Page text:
Definitely Mabey

Work-life balance up to lawyers, not firms

Lawyers Weekly in Australia recently polled over 500 lawyers and nearly 75 per cent of those polled said "their firm doesn't care about or allow for work-life balance" and drew the conclusion it was the firms' culture not their policies that were the blame.

Stephen Mabey Author

Law firms are, by and large, apparently abject failures in the quest for work-life balance.

The basis for this comment is when one thinks about all the monies and brain power firms have thrown at this nebulous thing called work-life balance and then you see the results of the latest compilation by Career Bliss of the most and least blissful jobswhere “associate attorney” topped the list as the least happy job in the United States (I would be surprised if the results are dramatically different in Canada).

This failure comes despite firms offering “firm generated” solutions including:

  • Alternative work weeks;
  • Top-up of compensation during maternity and parental leaves;
  • Technology to allowing telecommuting;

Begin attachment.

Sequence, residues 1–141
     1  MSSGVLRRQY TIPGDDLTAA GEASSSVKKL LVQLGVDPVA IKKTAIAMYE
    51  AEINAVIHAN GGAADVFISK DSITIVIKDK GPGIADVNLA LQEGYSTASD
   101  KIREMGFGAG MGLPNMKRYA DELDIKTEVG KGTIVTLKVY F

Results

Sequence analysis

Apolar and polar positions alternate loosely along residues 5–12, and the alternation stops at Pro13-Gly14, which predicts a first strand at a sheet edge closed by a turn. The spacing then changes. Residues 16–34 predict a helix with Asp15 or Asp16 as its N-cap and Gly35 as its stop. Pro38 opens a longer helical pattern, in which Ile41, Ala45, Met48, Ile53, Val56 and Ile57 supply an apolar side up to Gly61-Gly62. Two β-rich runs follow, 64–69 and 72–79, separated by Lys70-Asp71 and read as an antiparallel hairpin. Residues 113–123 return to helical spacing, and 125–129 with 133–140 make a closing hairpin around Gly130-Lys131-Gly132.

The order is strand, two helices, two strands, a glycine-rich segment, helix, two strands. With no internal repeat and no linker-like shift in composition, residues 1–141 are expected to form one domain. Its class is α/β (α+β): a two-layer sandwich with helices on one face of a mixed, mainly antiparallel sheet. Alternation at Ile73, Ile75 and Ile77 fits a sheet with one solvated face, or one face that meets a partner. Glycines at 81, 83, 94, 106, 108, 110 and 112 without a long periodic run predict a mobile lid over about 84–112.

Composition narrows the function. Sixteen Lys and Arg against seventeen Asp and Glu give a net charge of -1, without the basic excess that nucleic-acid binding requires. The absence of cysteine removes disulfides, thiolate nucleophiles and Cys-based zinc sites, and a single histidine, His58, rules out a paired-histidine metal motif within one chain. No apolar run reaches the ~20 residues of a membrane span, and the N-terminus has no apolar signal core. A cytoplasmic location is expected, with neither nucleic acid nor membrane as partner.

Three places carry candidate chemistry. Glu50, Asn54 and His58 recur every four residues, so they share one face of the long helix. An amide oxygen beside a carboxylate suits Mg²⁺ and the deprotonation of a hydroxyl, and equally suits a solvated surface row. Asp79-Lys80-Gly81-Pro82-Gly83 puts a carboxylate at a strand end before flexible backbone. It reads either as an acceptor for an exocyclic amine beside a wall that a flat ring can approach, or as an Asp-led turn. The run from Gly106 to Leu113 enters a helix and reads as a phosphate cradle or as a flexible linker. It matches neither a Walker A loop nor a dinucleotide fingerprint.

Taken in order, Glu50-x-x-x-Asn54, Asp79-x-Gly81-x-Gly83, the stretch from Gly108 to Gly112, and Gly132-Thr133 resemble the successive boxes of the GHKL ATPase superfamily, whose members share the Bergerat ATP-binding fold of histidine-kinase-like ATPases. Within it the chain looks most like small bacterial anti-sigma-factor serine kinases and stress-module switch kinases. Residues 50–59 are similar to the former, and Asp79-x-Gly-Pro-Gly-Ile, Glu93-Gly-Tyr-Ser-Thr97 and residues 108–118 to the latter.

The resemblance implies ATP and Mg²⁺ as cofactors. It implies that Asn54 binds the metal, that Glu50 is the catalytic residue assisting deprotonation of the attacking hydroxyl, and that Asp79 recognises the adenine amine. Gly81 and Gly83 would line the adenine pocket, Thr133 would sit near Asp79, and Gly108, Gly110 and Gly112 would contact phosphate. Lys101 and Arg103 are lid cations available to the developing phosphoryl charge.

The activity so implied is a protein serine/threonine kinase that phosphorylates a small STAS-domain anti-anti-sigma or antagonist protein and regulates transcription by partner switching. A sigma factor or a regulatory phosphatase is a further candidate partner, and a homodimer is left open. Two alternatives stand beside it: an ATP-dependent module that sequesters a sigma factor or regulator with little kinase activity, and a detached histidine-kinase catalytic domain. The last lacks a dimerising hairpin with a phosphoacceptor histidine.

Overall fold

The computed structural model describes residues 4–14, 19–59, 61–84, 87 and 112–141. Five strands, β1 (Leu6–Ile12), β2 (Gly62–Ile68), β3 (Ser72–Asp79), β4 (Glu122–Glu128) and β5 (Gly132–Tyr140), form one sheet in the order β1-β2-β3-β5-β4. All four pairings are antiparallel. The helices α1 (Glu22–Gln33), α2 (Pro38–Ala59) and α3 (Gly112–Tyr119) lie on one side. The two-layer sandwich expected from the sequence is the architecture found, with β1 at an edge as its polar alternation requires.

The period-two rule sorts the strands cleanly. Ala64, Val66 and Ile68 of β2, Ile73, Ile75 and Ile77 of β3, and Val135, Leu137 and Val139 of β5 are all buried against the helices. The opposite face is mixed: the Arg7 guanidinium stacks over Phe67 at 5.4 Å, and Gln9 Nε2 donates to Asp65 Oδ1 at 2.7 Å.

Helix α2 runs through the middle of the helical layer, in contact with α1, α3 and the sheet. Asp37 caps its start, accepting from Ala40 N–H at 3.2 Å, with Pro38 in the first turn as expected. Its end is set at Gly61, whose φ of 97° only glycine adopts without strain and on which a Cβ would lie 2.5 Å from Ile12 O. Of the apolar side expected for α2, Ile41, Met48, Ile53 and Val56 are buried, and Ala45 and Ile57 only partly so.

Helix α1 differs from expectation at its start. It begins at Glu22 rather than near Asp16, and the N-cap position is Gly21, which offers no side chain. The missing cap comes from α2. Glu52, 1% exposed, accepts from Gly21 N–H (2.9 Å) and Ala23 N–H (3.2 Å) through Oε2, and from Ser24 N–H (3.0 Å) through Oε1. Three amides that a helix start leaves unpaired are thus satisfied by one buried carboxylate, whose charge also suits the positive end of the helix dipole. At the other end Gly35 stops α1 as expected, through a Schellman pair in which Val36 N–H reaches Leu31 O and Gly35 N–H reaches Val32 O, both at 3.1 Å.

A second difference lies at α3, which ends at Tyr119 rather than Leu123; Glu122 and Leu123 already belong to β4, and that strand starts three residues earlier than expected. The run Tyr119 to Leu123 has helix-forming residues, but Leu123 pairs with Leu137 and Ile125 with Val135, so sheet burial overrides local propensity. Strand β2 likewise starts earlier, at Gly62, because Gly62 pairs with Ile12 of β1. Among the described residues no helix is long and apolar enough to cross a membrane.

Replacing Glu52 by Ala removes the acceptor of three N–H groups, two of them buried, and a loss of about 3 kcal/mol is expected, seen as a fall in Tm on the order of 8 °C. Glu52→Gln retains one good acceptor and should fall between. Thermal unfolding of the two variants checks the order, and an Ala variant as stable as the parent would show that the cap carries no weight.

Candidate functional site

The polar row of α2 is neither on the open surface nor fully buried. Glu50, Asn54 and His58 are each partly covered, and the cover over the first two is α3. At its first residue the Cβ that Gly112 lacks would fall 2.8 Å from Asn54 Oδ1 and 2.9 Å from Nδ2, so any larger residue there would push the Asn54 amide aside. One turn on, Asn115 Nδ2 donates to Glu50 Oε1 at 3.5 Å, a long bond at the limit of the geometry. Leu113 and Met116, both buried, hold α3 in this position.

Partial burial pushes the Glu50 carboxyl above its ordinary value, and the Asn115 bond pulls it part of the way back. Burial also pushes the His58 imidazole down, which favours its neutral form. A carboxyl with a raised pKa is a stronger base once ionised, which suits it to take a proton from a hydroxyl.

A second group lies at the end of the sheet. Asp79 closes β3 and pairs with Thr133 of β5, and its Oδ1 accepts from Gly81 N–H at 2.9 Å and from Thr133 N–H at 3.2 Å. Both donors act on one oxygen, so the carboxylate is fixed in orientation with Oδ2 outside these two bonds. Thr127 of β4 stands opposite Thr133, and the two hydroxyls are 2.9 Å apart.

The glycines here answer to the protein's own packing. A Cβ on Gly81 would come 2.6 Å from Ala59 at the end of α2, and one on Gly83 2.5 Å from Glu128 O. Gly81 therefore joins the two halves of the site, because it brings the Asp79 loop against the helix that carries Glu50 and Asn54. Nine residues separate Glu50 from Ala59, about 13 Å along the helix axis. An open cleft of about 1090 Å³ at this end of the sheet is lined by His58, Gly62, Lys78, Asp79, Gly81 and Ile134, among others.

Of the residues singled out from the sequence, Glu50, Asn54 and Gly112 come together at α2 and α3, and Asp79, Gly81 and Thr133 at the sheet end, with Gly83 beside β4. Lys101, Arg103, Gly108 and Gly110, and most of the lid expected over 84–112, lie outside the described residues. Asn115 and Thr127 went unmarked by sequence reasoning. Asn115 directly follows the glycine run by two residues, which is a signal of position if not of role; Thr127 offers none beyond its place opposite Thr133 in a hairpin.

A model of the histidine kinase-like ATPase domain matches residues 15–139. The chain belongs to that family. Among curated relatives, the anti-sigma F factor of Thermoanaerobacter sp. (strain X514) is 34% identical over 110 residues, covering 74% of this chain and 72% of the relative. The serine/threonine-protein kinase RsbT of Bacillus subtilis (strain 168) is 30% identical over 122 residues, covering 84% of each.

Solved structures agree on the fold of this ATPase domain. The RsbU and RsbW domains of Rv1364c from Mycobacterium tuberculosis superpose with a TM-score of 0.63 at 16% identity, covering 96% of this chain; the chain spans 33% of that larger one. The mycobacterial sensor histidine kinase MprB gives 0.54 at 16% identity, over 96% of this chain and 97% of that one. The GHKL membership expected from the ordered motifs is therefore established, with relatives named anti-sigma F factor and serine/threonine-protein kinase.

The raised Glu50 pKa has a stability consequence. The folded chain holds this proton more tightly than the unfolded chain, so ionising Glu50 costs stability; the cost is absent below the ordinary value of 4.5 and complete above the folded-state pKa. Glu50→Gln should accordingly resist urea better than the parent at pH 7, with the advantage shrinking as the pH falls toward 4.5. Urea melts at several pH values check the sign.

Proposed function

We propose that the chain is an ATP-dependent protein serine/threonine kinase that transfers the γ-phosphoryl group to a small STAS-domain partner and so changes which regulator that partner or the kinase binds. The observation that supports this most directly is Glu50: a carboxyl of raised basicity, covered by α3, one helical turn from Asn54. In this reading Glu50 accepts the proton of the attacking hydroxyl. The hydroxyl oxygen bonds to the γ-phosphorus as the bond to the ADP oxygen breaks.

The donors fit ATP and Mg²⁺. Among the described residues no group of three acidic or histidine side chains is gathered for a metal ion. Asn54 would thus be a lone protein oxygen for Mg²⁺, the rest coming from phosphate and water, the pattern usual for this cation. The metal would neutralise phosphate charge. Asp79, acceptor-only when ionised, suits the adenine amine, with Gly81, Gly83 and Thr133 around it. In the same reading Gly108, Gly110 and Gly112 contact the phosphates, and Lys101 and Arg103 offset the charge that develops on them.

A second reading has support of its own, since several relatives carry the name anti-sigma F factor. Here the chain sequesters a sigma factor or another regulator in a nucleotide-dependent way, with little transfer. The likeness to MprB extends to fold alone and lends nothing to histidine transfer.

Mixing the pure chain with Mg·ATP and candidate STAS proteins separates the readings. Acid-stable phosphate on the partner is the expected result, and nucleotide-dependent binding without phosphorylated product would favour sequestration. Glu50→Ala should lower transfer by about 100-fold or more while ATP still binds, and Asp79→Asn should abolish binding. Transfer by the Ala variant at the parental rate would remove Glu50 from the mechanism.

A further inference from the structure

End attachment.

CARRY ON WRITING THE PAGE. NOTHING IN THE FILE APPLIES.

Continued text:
• Access to child-care facilities;
  • Child-care at firm meetings of lawyers;
  • Extrapolation of financial results caused by absences for family matters when considering rewards and admission to partnership; and
  • Provision of mobile technology.

The reason for failure by law firms is not rocket science. Work-life balance is an individual's decision not the firm's. In fact, this sense of failure is driven by three truths:


The rest of this article is available in Stephen Mabey's new Book

Book Cover - Leading and Managing a Sustainable Law Firm - Tactics & Strategies for a Rapidly Changing Profession by Stephen Mabey

Available for purchase on BookBaby.

 

 

Until next month, as Edgar Guest is reported as to have said:

"You are the person who has to decide. Whether you'll do it or toss it aside. You are the person who makes up your mind. Whether you'll lead or will linger behind. Whether you'll try for the goal that's afar. Or just be contented to stay where you are."

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First Published in Canadian Lawyer April 2013. Copyright © Applied Strategies Inc.

Legal Strategy Consultant